The Rabbis’ Riddles: Moses’ Staff
The level of God’s Torah (Bible) brilliance is astonishing. Even the Rabbis are lightyears ahead of us in their wisdom. But not only are they wise in their ideas, but in their abilities to script allegories and write riddles.
At the burning bush, God tells Moses the Jews will believe God designated Moses as His emissary. Moses disagrees, saying, “They will not believe me…(Exod. 4:1).” In response, God gives Moses three signs as proof. The first sign is the staff that turns into a snake. A few verses later God tells Moses, “And take this staff in your hand with which you will perform the miracles (Exod. 4:17).” On this verse the Rabbis scripted a medrash (allegory) containing profound but hidden meanings:
“The staff created in the twilight [of the first Friday] was handed down to Adam in Eden, and Adam handed it to Chanoch, and Chanoch handed it to Shame, and Shame handed it to Abraham, and Abraham handed it to Isaac, and Isaac handed it to Jacob, and Jacob brought it to Egypt, and [in] Egypt [he] handed it to Joseph. And when Joseph died, his entire household took it and placed it in Pharaoh’s palace.
And Jethro was one of Pharaoh’s astrologers and he saw the staff and coveted it in his heart. And he took it and brought it, and planted in his garden, but he could not approach it, until Moses came to the land of Midian and went into the garden of Jethro’s house, and saw the staff and read the letters which were on it, and he stretched out his hand and took it.
Jethro saw this and said, ‘This is the man who will redeem Israel from Egypt,’ therefore Zipporah his daughter he gave to him as a wife, as it is said, ‘And Moses was pleased…’
And it was with that staff that Moses shepherded and lead the sheep of Jethro for 40 years, and the beasts of the field did not consume them, and the flock proliferated a lot, as Scripture says, ‘like holy lambs’.”
There is much detail in this riddle; each detail offering additional insight.
What was the vital nature of this staff?
Why was it created at twilight?”
What is the idea of it being handed down; why not simply give it to Moses at the appropriate time?
Why were these men — and not others — the one’s who passed down the staff?
Why did Joseph’s household place it in Pharaoh’s palace, instead of keeping it?
Why did Jethro covet the staff?
What is the meaning of Jethro “placing it in his garden?”
If Jethro could take the staff out of Pharaoh’s palace, what is meant by “he could not approach it?” He already carried it from Egypt to Midian!
What is meant by Moses entering Jethro’s garden, reading the letters, and taking the staff?
How does this qualify Moses to emancipate the Jews?
Finally, what does the staff have to do with the flock going unharmed and proliferating?
What’s the key that unlocks this midrash (i.e., from which clue do we start)?
There’s is much talk about the men who passed down the staff, perhaps intentionally elaborated upon so as to focus us. Once in focus, the Rabbis scripted a contrasting point: Jethro could not approach the staff, but all these others could.
The Rabbis are directing us to a distinction between Jethro and the patriarchs. The patriarchs passed down “something” (the staff is a metaphor) but Jethro was alienated from it. Another clue to the staff’s meaning is that the Jews no longer possessed it after Joseph died. And this had something to do with Egypt’s leadership (Pharaoh’s palace).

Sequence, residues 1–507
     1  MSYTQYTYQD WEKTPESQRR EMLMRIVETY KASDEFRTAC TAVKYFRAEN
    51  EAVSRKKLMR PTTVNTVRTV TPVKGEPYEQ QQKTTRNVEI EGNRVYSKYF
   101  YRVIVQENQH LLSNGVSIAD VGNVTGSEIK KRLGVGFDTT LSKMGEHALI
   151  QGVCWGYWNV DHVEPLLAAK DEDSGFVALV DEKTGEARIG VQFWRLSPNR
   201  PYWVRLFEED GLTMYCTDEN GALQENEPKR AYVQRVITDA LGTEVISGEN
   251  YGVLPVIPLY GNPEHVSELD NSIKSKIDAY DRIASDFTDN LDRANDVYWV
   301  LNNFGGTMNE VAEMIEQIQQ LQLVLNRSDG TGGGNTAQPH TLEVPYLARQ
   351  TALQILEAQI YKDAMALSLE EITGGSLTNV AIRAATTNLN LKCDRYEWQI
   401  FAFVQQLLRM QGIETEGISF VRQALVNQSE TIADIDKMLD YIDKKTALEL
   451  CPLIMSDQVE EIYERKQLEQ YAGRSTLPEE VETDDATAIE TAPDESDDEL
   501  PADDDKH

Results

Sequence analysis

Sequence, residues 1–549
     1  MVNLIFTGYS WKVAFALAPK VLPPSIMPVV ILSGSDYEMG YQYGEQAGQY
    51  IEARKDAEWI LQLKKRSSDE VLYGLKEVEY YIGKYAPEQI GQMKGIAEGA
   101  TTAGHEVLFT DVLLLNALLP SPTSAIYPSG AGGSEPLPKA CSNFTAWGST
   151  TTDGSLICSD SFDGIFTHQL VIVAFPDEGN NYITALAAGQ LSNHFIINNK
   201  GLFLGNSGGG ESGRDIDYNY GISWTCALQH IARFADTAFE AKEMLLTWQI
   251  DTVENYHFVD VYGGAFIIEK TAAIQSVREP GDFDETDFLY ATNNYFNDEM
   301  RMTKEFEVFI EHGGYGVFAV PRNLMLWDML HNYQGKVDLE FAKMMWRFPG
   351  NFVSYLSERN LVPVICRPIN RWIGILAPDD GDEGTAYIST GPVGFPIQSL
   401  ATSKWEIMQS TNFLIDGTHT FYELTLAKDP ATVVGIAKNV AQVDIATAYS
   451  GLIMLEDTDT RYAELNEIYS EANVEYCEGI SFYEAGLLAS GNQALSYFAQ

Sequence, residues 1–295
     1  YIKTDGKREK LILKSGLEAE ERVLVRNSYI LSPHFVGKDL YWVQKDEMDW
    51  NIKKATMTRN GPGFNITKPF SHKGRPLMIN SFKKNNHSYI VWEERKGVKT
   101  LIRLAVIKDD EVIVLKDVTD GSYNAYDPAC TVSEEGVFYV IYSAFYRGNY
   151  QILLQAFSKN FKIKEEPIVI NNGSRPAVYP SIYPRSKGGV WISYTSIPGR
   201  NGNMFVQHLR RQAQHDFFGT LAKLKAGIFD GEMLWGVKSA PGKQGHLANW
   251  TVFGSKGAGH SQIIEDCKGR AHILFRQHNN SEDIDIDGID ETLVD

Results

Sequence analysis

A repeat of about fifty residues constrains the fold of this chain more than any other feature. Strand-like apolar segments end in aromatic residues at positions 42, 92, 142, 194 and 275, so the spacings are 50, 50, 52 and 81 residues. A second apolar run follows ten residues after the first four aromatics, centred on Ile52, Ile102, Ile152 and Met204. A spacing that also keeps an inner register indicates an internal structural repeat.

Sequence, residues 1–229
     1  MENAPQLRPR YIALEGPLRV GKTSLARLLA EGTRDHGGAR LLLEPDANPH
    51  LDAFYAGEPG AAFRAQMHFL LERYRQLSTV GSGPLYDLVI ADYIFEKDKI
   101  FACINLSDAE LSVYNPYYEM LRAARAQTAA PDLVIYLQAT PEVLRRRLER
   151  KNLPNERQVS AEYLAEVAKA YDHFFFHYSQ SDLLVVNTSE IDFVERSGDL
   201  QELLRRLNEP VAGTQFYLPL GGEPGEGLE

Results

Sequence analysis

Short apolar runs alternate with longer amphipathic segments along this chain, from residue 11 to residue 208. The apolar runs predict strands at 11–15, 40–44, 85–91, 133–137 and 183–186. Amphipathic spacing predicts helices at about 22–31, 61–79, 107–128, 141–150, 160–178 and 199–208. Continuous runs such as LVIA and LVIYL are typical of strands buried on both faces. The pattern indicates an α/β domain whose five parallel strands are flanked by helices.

Jethro coveted the staff, i.e., something pertaining to the Jews. But all Jethro knew at that point was the Jews were in bondage, and they proliferated. Typically, an oppressed people do not thrive, but the Torah teaches “as they were oppressed, so they proliferated (Exod. 1:12).” This was unnatural. Interestingly, the very staff was unnatural: it was an inanimate object that converted into a living animal. These are the keys…
The Medrash Deciphered
“The staff created in the twilight [of the first Friday] was handed down to Adam in Eden, and Adam handed it to Chanoch, and Chanoch handed it to Shame, and Shame handed it to Abraham, and Abraham handed it to Isaac, and Isaac handed it to Jacob, and Jacob brought it to Egypt, and [in] Egypt [he] handed it to Joseph.”
On Ethics 5:6, Maimonides teaches that during Creation, God embedded literally all miracles in the substances that would ultimately become miraculous, or “unnatural.” And God did this on the respective day of each substance’s creation. For example, God built into the Earth on its day of creation, the property to halt its rotation at Joshua’s word. When water was created, God built into its nature the property to pile up in heaps at the parting of the Reed Sea. This is reasonable. For God is above time (He created it) and He need not “wait” until man requires help, that He might only “then” respond a miracle for man. God knows the future, so the concept of responding is inapplicable. He planned the world at Creation including all future concessions (miracles) to save or help man at precise moments. God built all miracles into nature…except 10. 10 miracles were not programmed into creation on the day of the object’s creation, but only at the last moment of Creation, at sunset on the primordial Friday. Why?